AOPA President Phil Boyer, St. Petersburg
Mayor Rick Baker, and Albert Whitted Airport
ASN volunteer Jack Tunstill at the ground-
breaking for the new GA terminal building.
AOPA and local pilots fought. The people spoke. The politicians listened. GA won!
In St. Petersburg, Florida, today AOPA President Phil Boyer, Albert Whitted AOPA Airport Support Network volunteer Jack Tunstill, and a collection of local officials, including Mayor Rick Baker, broke ground for a new, $4 million general aviation terminal building overlooking the airport and the waterfront.
Three years ago, Mayor Baker wanted to close the airport. What changed his mind? Local airport advocates, Tunstill, AOPA, and the voters.
"General aviation airports like Albert Whitted are a very important part of the national transportation system, and AOPA is proud to have played a part in determining its future," said Boyer at today's groundbreaking.
In 2003, a long battle to close the airport culminated in a referendum vote. AOPA and local airport supporters waged a massive public relations campaign to educate the voters about the value of their local general aviation airport.
The voters listened and understood. By a three-to-one margin, St. Petersburg citizens voted that the airport should be part of the city forever. The mayor and anti-airport politicians quickly reversed course and committed to making Albert Whitted (SPG) a world-class general aviation facility and a community focal point.
The new two-story terminal building with a restaurant overlooking the airport and waterfront is only the first step.
A million-dollar hangar rehabilitation project has started. A new control tower will be built next year with the help of a $2.2 million FAA grant. The city is planning a $2 million aviation-themed waterfront park next to the airport. "This terminal building is another project that continues to revitalize the city waterfront," said Mayor Baker.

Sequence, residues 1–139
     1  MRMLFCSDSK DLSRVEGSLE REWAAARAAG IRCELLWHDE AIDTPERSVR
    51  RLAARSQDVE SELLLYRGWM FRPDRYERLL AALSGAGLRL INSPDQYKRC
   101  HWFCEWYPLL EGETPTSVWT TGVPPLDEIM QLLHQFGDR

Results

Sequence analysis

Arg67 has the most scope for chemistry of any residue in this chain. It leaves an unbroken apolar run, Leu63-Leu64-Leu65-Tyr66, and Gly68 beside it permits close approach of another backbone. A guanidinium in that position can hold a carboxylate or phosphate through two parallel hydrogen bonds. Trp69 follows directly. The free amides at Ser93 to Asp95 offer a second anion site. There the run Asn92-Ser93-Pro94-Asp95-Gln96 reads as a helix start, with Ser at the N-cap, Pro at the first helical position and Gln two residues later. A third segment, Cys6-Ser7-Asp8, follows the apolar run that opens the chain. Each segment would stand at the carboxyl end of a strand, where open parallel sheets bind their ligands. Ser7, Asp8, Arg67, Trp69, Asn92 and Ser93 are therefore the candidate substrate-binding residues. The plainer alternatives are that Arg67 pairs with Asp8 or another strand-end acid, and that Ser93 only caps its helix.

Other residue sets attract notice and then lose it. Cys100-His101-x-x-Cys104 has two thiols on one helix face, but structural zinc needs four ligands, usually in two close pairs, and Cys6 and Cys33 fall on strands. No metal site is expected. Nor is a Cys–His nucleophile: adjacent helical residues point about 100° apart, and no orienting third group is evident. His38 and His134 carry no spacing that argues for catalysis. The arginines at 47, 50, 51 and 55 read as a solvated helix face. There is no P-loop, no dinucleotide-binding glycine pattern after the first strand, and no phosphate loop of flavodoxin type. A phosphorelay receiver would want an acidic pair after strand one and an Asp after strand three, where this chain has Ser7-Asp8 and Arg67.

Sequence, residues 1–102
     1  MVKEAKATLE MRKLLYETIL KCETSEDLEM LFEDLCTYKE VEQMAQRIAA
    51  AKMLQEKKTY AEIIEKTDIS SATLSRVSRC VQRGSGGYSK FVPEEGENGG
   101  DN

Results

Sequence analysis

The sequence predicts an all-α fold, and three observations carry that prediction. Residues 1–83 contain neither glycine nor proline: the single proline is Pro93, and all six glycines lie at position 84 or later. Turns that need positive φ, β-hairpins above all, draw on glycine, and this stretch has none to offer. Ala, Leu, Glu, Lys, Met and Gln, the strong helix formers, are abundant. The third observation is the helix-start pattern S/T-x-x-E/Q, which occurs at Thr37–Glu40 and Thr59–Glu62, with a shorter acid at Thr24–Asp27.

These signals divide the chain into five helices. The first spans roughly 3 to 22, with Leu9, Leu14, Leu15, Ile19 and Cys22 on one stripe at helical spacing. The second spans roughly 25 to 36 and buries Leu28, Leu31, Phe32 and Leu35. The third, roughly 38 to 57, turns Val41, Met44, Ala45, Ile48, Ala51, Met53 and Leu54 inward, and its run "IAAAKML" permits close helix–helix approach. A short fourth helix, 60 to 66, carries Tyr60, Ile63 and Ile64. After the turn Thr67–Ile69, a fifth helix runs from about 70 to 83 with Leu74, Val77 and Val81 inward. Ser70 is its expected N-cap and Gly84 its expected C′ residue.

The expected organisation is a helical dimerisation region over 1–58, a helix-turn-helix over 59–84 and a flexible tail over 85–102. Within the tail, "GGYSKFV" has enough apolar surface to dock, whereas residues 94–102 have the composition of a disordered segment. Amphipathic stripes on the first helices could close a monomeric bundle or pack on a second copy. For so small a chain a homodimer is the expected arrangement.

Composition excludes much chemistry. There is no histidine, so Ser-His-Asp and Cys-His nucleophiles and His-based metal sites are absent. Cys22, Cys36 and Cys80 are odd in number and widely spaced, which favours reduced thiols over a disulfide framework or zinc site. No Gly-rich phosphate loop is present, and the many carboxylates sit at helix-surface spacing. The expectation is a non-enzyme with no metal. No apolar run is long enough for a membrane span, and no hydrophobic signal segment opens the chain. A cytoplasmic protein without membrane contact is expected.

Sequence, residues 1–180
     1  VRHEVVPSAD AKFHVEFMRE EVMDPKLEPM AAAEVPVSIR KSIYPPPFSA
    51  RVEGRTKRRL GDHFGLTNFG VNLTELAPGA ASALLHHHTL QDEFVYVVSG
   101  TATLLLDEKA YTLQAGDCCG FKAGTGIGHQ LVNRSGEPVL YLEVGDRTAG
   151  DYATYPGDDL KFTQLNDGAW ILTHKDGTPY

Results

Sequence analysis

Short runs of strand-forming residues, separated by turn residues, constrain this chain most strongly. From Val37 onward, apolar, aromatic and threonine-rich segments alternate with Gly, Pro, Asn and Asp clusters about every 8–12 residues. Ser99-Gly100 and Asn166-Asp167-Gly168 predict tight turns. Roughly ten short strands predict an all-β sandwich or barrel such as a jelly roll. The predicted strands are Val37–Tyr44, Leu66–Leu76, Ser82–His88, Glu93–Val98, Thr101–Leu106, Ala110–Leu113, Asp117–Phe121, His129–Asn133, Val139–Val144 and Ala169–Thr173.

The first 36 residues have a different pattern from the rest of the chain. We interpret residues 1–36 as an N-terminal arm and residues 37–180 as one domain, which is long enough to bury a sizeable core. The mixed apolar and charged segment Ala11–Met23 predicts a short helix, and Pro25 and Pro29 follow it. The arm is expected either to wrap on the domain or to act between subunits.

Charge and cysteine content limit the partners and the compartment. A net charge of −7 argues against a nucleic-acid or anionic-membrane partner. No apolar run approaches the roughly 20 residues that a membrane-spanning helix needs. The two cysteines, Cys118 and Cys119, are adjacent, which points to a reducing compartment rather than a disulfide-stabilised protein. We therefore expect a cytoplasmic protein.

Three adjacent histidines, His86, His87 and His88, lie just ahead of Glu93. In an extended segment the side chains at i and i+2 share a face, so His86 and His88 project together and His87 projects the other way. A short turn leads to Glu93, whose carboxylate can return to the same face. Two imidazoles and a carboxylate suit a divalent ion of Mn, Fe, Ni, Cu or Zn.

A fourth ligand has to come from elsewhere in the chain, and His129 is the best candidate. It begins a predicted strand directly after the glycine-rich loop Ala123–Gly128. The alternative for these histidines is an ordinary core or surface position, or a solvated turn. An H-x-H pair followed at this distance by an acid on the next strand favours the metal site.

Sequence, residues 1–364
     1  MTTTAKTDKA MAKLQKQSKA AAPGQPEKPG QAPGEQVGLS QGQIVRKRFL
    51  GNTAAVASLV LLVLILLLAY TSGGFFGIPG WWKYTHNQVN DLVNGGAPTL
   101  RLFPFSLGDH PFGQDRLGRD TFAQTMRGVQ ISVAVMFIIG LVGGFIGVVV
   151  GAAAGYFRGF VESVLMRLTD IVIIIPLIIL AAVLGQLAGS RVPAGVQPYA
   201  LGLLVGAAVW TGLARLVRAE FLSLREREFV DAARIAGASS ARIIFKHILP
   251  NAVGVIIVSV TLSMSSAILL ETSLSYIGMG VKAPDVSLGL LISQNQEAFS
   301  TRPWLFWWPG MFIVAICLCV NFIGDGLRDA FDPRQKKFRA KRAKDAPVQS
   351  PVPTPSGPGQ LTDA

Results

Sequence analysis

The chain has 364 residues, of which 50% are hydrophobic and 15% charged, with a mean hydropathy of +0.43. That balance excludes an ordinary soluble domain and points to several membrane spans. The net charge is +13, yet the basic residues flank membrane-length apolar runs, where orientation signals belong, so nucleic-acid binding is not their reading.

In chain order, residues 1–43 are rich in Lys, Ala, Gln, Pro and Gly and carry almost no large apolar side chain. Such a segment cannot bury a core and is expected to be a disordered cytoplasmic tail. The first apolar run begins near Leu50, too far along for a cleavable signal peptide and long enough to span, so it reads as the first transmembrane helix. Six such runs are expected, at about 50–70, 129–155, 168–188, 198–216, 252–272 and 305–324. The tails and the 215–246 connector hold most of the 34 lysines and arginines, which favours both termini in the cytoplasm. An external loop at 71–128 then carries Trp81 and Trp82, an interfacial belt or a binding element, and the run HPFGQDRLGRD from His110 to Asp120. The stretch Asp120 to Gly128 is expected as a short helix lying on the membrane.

"The referendum vote was really the turning point in the future of the airport and downtown St. Petersburg," said Tunstill. The city also zoned vertical limits on 12 new high-rise condos to help protect the airport.
The new terminal building is being funded in a unique manner by government and private enterprise. The Florida Department of Transportation (FLDOT) is providing grants for 80 percent of the construction costs, but those grants will be paid out over the next five years.
To assure that the building construction could start in 2006 rather than 2011, local citizens John and Rosemary Galbraith (both with aviation backgrounds) gave the city of St. Petersburg an interest-free loan of $3.2 million and a gift of $400,000. The gift is to cover half of the city's part of the grant. That financial arrangement brought the terminal building to life.
"Sometimes the fight to save an airport can seem overwhelming," said Boyer. "Albert Whitted proves that the determined efforts of local pilots and airport supporters, backed up by strong national efforts of AOPA, can make a difference."
April 21, 2006